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California Increases Hospitals’ Obligations When Discharging Homeless Patients

California health care facilities have struggled with the appropriate discharge of homeless patients for years. In Los Angeles alone, the LA City Attorney's Office has in recent years initiated numerous lawsuits against hospitals and nursing facilities for homeless patient “dumping” – a practice generally described as discharging homeless persons without regard to their safety or ability to find shelter.

At least eight of these lawsuits have settled, with settlement amounts ranging from $75,000 dollars to $1 million dollars, and totaling $4 million dollars.

To further address homeless patient dumping, Governor Jerry Brown signed SB 1152 into law on September 30, 2018, amending the discharge planning requirements found in Health and Safety Code Section 1262.5. The amendments, which will be enacted in two stages, require hospitals to implement specific discharge planning procedures and activities for homeless patients.

Stage One—Here and Now:

Effective January 1, 2019, hospitals must establish a written homeless patient discharge planning policy that requires a hospital to:

  • Inquire about a homeless patient’s housing status during the discharge planning process;
  • Establish a discharge plan that assists a homeless patient to prepare his or her return to the community by connecting him or her with available community resources, treatment, or shelter;
  • Identify a post-discharge destination for the homeless patient that meets certain requirements identified in the statute; and
  • Provide discharge or transfer information to the homeless patient in a culturally competent manner and in a language understood by the patient.

Hospitals are also required to document the following prior to discharging a homeless patient:

  • The treating physician has determined the homeless patient’s clinical stability for discharge and has communicated post-discharge medical needs to the homeless patient;
  • The treating physician has provided a medical screening examination and evaluation and, if needed, a referral for follow-up behavioral health care. The hospital also has to make a good faith effort to contact the patient’s health plan, primary care provider, or another appropriate provider, if any are applicable; and
  • That the homeless patient has:
    • been offered a meal, unless medically indicated otherwise;
    • adequate clothing, otherwise the hospital must furnish weather-appropriate clothing;
    • been referred to a source of follow-up care, if medically necessary;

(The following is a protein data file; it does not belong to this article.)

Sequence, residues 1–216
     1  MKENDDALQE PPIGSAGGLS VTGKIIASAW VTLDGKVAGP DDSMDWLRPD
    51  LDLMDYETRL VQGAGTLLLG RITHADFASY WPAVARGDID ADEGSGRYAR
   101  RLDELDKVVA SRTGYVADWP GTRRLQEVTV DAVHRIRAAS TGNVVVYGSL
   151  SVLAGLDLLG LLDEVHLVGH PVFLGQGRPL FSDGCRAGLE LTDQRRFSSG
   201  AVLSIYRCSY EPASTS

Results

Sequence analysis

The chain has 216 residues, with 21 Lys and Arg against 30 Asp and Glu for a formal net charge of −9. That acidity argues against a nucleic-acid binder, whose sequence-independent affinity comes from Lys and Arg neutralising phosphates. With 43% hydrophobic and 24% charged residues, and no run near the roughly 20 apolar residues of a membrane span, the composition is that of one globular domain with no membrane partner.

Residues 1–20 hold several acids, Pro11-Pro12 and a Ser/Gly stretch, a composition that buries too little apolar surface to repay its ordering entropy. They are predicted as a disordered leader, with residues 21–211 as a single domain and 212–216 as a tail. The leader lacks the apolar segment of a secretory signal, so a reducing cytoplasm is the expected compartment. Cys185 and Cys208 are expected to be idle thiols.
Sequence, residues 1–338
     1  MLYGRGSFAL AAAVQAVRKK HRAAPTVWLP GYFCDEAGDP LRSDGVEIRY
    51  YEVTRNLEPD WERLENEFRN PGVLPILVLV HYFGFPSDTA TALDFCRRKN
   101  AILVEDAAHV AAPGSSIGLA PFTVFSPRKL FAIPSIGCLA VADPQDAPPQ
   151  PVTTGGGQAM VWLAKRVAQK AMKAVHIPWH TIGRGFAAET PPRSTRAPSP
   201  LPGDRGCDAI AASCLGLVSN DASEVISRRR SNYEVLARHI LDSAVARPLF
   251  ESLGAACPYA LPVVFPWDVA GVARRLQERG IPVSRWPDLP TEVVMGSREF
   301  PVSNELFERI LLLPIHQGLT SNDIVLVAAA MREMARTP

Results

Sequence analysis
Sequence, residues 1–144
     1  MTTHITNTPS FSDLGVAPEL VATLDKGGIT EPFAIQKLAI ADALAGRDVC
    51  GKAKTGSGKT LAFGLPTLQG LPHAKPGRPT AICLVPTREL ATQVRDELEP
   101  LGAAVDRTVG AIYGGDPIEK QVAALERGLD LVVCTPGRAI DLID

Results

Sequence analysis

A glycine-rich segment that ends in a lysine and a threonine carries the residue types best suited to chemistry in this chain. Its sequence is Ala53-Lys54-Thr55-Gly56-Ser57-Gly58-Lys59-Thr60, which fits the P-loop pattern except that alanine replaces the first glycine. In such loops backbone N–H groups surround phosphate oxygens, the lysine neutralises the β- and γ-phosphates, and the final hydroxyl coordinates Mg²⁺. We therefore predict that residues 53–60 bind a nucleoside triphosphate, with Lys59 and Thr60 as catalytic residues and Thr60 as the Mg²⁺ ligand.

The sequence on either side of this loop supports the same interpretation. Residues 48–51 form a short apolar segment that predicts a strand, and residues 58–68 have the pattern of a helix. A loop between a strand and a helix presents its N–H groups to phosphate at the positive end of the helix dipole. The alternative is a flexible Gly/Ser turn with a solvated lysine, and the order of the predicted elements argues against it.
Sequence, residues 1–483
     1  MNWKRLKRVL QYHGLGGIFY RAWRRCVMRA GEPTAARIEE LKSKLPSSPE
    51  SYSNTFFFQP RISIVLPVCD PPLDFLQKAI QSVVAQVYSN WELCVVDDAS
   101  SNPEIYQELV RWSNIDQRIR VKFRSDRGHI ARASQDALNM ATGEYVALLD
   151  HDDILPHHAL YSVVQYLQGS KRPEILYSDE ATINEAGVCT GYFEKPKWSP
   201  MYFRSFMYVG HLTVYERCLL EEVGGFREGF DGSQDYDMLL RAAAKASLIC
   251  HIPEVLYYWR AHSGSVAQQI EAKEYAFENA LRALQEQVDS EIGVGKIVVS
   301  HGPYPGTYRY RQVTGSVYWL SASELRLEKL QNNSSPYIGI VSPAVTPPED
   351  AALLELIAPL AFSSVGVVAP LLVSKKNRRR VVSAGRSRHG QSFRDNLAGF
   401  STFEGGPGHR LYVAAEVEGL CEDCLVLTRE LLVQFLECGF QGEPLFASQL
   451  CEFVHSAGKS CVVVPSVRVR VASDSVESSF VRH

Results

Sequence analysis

• been provided a prescription, if needed, as well as an appropriate supply of all necessary medication if the hospital has an onsite pharmacy that can dispense outpatient medicine;
    • been offered or referred to screening for infectious disease common to the region;
    • been offered vaccinations appropriate for his or her medical condition;
    • been screened for and provided assistance to enroll in eligible health insurance coverage; and
    • been offered transportation within 30 minutes or 30 miles of the hospital after discharge to a pre-designated destination.

Stage Two—Looking Forward:

Starting July 1, 2019, hospitals must develop and annually update a written plan for coordinating services and referrals for homeless patients with county agencies. This includes developing a list of homeless shelters, creating procedures for homeless patient discharge referrals, compiling contact information for homeless shelters intake coordinators, and establishing training protocols for discharge planning staff. Hospitals must also maintain a log of homeless patients discharged and the destinations to which they were released after discharge.

Notably, these amendments have not changed preexisting hospital obligations under Health and Safety Code Section 1262.5, but only add specific provisions relating to the discharge of homeless patients. Additionally, the Legislature made clear in the statute that nothing in the law limits the ability of local governments to adopt stronger protections for homeless patients.

The Legislature did not allocate additional funds to hospitals to cover the resources they will have to spend to comply with the new requirements, nor does the law take into account the disproportionate financial effect the law will have on hospitals serving communities with higher rates of homelessness. So, as 2018 comes to an end and we bring in the new year, hospitals should begin preparing their discharge policies – and their budgets – to comply with these new requirements and any additional local obligations.


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